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Intermittent Presumptive Treatment in Pregnancy with Sulfadoxine/Pyrimethamine: more than just an antimalarial?

By Sungano Mharakurwa Moderator | 09 Jan, 2017

There is evidence suggesting that intermittent preventive treatment in pregnancy (IPTp) with sulfadoxine/pyrimethamine offers protective efficacy exceeding what is expected from mere antimalarial activity of the drug regimen (see attached article). Should IPTp with SP continue regardless of SP resistance?

Replies

 

Maimunat Alex-Adeomi Moderator Replied at 6:29 PM, 10 Jan 2017

Thank you for this article Sungano. I believe the use of IPTp should continue however, some additional factors that contribute to SP resistance and also those limiting it's use should also be considered. E.g some clinicians avoid the use of S-P due to documented incidence of early trimester miscarriages/abortions due it's use. Some would argue that this could be due to the malaria illness itself, but studies will need to be done to validate this.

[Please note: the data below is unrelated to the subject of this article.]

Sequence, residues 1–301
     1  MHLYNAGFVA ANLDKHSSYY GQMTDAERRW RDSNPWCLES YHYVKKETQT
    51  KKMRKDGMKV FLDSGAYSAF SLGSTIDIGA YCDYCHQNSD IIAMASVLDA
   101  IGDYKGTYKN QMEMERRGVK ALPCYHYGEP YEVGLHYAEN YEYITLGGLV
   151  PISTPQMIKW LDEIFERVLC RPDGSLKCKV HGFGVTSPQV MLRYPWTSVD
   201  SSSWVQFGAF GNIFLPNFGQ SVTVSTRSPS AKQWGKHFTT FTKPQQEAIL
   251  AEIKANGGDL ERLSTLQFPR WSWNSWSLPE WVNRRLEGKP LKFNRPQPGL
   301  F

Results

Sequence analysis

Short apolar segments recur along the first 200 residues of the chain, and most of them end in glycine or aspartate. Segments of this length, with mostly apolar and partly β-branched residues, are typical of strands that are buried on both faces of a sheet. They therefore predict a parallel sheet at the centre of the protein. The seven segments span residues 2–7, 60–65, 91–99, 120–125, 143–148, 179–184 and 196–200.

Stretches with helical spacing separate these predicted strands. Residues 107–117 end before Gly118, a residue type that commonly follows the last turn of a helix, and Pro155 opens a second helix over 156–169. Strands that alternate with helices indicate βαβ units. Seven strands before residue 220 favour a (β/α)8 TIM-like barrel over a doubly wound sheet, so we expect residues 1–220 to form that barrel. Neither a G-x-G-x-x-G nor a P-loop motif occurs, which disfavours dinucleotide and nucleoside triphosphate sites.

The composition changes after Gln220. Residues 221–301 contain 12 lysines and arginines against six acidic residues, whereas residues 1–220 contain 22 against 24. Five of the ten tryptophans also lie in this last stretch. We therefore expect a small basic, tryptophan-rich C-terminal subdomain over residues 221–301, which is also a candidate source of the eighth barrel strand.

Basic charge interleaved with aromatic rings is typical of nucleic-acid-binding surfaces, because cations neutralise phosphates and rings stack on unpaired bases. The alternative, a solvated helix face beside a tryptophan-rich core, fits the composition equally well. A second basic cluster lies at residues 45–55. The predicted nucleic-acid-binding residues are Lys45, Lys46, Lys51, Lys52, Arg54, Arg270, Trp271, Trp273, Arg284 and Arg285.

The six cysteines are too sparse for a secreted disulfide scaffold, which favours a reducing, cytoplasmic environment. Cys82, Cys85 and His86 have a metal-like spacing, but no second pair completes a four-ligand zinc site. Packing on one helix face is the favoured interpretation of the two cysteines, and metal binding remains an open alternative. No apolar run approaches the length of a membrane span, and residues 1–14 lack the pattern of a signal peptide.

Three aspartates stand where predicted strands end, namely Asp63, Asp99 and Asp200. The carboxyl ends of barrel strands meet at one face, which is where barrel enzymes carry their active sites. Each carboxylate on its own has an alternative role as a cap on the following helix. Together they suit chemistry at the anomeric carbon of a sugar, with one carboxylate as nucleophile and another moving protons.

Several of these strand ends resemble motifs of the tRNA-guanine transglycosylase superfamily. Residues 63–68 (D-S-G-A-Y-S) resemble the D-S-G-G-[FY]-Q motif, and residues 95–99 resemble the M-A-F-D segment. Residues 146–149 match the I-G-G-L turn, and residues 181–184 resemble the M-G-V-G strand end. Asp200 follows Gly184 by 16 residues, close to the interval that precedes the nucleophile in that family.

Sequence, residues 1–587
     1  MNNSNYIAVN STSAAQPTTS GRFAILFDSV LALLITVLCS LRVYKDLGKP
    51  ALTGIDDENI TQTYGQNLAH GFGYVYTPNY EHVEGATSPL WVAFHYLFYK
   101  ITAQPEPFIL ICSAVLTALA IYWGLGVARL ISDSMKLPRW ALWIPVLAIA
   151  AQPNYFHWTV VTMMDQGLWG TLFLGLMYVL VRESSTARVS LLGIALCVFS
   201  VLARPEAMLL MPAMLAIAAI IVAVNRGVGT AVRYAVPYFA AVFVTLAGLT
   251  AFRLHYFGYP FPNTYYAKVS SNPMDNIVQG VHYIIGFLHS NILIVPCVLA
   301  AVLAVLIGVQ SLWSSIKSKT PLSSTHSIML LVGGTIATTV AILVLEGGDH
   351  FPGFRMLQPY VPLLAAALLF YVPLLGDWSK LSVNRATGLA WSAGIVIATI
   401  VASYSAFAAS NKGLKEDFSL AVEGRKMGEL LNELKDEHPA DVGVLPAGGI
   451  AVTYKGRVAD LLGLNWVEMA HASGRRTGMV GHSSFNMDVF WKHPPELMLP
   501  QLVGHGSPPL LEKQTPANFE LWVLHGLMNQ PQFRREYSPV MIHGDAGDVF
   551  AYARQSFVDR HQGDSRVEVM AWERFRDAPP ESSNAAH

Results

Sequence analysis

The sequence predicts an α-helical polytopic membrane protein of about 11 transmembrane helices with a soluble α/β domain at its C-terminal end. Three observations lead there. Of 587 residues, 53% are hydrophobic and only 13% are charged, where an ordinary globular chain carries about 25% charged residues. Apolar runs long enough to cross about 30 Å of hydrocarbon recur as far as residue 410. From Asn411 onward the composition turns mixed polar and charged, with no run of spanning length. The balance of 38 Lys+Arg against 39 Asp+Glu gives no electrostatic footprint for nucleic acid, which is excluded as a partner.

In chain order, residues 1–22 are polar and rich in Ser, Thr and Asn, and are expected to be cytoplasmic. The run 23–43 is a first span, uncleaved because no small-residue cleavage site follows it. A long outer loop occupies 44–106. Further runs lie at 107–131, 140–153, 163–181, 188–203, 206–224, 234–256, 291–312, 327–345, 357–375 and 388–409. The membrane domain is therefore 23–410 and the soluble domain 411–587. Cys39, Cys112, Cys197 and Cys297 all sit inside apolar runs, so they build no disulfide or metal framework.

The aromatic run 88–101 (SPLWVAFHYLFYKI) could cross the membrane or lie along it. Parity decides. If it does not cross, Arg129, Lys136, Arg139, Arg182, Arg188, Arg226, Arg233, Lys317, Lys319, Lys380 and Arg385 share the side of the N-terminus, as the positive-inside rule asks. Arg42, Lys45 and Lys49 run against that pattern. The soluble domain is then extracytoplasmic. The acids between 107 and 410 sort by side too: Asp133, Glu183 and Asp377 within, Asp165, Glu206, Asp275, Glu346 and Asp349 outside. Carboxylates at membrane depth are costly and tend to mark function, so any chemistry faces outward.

More so with a number of women not knowing their LMPs (last menstrual periods) and date of quickening, the optimal use of the IPTp is not achieved and thus abuse and resulting resistance occurs due to sub-optimal use. Long story short, a lot of health education needs to go into it's implementation and use.

Sungano Mharakurwa Moderator Replied at 3:40 PM, 11 Jan 2017

Thanks Maimunat for those thoughts. It seems even more surprising how IPTP-SP gives 26% protective efficacy according to data from 32 countries what with all the other counteracting factors and prevalent resistance. Interestingly, SP-IPTi does have demonstrable reduction of protective efficacy at high levels of antifolate resistance markers (see attached article).

Attached resource:

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